I utilize a number of biophysical techniques to investigate the aggregation behavior of human gamma D crystallin (HGD) and investigate the protein’s structure in the aggregated state. HGD is an extremely soluble and stable protein responsible for making the eye lens highly refractive. When mutated or damaged, HGD can aggregate and participate in cataract formation. In my experiments I make use of a variety of fluorescence-based assays, negative stain electron microscopy and X-ray powder diffraction. Moreover, I use multidimensional magic-angle-spinning (MAS) NMR to investigate the atomic structural details of aggregated HGD. Comparison between solid and solution state NMR spectra allow for a site specific understanding of the structural changes HGD experiences upon aggregation.
Biology BS, Indiana University at Bloomington, 2013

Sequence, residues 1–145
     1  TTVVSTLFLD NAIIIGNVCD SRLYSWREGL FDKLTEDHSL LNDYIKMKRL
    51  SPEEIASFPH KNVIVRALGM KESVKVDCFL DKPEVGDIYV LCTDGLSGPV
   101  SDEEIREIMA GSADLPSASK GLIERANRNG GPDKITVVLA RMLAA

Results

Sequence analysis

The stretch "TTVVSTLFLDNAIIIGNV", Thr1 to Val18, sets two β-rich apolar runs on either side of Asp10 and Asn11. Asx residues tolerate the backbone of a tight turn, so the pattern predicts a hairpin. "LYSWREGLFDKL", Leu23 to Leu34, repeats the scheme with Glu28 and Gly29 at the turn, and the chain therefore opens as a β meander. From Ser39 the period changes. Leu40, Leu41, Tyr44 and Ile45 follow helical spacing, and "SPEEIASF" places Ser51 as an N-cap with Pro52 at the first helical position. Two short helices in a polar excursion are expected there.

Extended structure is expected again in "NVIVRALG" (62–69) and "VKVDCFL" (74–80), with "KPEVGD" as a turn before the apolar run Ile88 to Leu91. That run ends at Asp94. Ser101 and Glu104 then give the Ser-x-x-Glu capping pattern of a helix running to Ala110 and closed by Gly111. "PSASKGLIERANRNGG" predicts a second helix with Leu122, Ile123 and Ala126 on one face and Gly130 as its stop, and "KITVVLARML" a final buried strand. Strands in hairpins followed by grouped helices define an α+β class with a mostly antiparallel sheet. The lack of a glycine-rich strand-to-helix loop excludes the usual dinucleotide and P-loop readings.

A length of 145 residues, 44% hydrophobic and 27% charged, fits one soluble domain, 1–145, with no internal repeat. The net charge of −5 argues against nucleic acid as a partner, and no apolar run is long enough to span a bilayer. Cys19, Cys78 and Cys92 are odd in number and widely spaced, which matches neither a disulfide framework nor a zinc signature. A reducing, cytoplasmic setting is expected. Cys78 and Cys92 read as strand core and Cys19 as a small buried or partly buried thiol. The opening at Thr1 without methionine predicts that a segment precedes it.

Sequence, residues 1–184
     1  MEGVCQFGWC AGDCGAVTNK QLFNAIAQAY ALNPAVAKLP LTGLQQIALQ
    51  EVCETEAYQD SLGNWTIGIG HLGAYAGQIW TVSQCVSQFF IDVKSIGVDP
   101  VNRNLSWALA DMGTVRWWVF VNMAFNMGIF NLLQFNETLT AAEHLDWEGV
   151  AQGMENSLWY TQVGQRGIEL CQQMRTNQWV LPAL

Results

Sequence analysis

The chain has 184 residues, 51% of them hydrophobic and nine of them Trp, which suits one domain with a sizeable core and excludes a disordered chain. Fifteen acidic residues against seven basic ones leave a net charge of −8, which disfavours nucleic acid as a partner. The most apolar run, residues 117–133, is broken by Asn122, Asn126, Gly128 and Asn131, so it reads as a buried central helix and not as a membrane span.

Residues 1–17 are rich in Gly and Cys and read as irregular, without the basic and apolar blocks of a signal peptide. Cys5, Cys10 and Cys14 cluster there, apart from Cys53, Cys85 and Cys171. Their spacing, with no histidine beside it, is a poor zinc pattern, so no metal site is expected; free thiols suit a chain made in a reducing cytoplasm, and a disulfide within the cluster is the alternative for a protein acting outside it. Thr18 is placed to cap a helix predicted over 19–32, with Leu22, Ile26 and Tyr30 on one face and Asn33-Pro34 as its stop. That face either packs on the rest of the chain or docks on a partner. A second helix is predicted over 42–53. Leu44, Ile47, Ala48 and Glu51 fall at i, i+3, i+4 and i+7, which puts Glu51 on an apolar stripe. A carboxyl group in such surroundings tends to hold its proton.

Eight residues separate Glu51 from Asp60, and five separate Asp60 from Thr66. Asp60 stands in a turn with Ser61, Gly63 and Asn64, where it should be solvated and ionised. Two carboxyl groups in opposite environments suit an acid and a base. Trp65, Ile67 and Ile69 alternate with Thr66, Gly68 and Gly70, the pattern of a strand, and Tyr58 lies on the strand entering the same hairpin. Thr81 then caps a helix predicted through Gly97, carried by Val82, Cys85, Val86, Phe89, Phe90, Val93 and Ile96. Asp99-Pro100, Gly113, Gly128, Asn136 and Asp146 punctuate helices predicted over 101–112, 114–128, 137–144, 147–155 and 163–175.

Neuroscience BS, Indiana University at Bloomington, 2013
PhD Advisor: Angela Gronenborn & Patrick van der Wel
Dept. of Structural Biology
- Hoop CL, Lin HK, Kar K, Magyarfalvi G, Lamley JM, Boatz JC, Mandal A, Lewandowski JR, Wetzel R, van der Wel PC. Huntingtin exon 1 fibrils feature an interdigitated β-hairpin-based polyglutamine core. Proc Natl Acad Sci U S A. 2016;113(6):1546-51
- Merg AD, Boatz JC, Mandal A, Zhao G, Mokashi-Punekar S, Liu C, Wang X, Zhang P, van der Wel PC, Rosi NL. Peptide-Directed Assembly of Single-Helical Gold Nanoparticle Superstructures Exhibiting Intense Chiroptical Activity. J Am Chem Soc. 2016 in press
- Mandal A, Boatz JC, Wheeler T, Van der Wel PC On the use of ultracentrifugal devices for routine sample preparation in biomolecular magic-angle-spinning NMR J. Biomol. NMR 2017 in press